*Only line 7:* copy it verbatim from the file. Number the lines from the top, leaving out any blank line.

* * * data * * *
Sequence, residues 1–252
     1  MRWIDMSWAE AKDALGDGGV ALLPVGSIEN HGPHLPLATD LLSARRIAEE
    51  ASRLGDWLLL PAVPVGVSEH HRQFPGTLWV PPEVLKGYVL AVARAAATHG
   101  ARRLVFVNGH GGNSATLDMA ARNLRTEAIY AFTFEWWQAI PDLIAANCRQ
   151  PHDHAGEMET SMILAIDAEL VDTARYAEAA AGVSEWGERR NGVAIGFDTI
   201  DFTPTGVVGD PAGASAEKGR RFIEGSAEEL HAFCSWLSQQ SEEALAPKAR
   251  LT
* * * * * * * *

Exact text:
   251  LT